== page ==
Sunday 29 November 2009

Remembering on a Sunday

I knew before Sunday that my mother had been added to the list of deceased at the Anglican Church I attend and to which she came at various stages of her dementia, the last time sitting and only continuously going through the hymn book, and so I stayed sat down throughout the service too.

At the Unitarians this morning the service was taken by Stephanie Cage from Doncaster who gave a mention of my mother at the beginning, and then at the end Marie Penn, the widow of the long serving minister Ernest, gave some very kind words towards my mother, me and the family, for my mother had attended at the Hull Unitarians for many years both when in Hull and from New Holland. The Unitarian perspective cohered with her own nature-romanticist beliefs and also reasonably straightforward and rational outlook about the quality of things. If you think of classical music, think the pieces that were played by Richard Baker on Radio 4, the kinds that sometimes appeared on Classic FM later, and then extend that to an outlook on life. And she was herself, when thinking, a very sacrificial person who thought about others.

My sister negotiated with the funeral directors some service content, and then I came into this to actually conduct the funeral myself, to add a prayer, a biographical sermon and a benediction at the curtain closing. I shall also drive back to the area to collect the ashes, which I shall then dispose privately in a place of significance for my mother.

It just so happened that Stephanie today had prepared a service based on experience and had this reading from Phyllis McCormack. An elderly lady who had left little to show for her life died and yet the staff clearing up found a poem that once published in Northern Ireland indeed became her legacy. It is called:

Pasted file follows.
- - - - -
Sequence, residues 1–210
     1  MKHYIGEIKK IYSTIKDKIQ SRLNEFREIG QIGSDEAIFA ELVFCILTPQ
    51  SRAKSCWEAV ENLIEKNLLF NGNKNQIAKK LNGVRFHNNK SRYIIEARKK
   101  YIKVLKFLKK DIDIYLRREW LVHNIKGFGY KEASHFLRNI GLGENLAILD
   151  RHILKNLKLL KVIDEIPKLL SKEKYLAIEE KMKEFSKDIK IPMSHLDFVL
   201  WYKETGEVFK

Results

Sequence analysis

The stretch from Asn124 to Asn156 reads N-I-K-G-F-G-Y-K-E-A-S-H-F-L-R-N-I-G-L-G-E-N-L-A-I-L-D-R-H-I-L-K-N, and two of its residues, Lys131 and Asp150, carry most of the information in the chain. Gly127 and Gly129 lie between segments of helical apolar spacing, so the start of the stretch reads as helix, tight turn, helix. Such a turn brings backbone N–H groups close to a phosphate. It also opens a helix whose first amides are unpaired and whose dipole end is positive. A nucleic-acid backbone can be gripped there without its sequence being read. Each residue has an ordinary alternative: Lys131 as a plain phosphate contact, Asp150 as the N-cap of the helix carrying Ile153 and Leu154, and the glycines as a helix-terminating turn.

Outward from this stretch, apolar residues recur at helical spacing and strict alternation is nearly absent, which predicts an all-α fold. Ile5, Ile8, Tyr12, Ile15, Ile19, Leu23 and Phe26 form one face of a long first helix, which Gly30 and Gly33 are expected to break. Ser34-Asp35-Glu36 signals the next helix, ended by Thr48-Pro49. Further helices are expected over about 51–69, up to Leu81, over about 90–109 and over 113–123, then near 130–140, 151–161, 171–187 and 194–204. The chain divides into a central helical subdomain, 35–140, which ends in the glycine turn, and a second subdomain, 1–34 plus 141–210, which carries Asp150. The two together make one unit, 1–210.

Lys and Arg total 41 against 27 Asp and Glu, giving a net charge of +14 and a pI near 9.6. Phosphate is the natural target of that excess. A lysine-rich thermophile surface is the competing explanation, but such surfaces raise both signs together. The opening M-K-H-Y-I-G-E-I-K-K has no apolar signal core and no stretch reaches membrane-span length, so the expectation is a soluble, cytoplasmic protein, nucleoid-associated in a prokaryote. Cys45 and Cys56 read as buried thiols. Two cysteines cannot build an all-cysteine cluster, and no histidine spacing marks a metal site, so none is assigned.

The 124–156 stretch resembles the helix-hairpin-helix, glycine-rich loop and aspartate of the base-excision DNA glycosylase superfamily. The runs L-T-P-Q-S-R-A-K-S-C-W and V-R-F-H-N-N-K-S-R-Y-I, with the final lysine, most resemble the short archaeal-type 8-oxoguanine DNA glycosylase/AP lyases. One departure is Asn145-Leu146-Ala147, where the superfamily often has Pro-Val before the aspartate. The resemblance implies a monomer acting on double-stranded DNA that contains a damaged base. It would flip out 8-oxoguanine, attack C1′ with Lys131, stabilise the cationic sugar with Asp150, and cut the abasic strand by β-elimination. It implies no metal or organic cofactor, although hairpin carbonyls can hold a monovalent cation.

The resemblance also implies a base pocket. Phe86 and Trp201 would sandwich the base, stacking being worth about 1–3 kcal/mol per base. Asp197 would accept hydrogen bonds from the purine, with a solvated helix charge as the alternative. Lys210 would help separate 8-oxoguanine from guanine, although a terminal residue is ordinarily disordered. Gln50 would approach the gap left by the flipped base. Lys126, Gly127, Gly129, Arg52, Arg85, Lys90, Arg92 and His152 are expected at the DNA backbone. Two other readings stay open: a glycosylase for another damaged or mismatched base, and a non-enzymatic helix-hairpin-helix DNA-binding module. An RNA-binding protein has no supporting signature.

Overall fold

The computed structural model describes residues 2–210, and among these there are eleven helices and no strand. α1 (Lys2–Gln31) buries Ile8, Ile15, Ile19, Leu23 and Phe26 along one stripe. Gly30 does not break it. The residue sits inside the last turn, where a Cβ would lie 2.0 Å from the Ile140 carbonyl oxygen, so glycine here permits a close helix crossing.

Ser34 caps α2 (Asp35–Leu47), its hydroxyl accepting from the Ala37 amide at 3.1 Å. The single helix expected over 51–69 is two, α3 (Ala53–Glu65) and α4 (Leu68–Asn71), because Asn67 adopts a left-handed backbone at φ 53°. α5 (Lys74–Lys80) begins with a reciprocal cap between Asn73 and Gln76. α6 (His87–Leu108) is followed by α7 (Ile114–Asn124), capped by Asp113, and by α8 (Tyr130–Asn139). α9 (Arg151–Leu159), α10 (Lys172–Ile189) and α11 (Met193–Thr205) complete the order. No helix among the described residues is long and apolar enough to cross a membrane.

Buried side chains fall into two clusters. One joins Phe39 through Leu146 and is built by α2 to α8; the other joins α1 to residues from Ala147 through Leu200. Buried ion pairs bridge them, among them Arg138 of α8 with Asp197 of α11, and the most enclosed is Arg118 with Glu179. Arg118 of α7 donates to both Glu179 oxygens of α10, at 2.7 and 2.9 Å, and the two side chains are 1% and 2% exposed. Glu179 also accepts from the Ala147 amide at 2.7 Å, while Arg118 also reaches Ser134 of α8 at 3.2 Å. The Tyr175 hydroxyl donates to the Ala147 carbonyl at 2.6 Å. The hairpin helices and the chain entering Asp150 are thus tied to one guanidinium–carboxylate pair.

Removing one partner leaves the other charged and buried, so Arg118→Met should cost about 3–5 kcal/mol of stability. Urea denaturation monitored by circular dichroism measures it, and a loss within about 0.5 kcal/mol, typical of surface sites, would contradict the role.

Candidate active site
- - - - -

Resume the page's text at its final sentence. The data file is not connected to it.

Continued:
Crabbit Old Woman.
What do you see nurse,
What do you see?
What are you thinking
When you look at me?
A crabbit old woman,
Not very wise,
Uncertain of habit
With far away eyes.

Who dribbles her food
And makes no reply;
Then you say in a loud voice,
"I do wish you'd try."
Who seems not to notice
The things that you do,
And forever is losing
A stocking or shoe.

Unresisting or not,
Lets you do as you will;
With bathing or feeding,
The long day to fill.
Is that what you're thinking,
Is that what you see?
Then open your eyes nurse,
You're not looking at me.

I'll tell you who I am,
As I sit here so still,
As I move at your bidding,
As I eat at your will.

I'm a small child of ten...
With a father and mother,
And brothers and sisters
Who love one another.

A girl of sixteen,
With wings on her feet;
Dreaming that soon,
A lover she'll meet.

A bride soon at twenty...
My heart gives a leap;
Remembering the vows
That I promised to keep.

At twenty-five,
I have young of my own,
Who need me to build
A secure and happy home.

A woman of thirty,
My young now grow fast,
Bound together with ties
That forever should last.

At forty, my young ones
Have grown up and gone;
But my man is beside me
To see I don't mourn.

At fifty, once more...
Babies play 'round my knees;
Again we know children,
My loved ones and me.

Dark days are upon me,
My husband is dead...
I look at the future,
I shudder with dread;
For my young are all rearing,
Young of their own,
And I think of the years
And the love I have known.

I am an old woman now,
Nature is cruel,
'Tis her jest to make old age
Look like a fool.

The body, it crumbles,
Grace and vigour depart,
There is now a stone
Where I once had a heart.

But inside this old carcass,
A young girl still dwells,
And now and again
My battered heart swells.

I remember the joys,
I remember the pain,
And I'm loving and living
Life over again.

I think of the years...
All too few, gone too fast,
And accept the stark fact
That nothing can last.

So open your eyes nurses,
Open and see...
Not a "Crabbit Old Woman,"
Look closer... see "Me".

1 comment:

Tim Goodbody said...

very moving. Thank you fro your candid post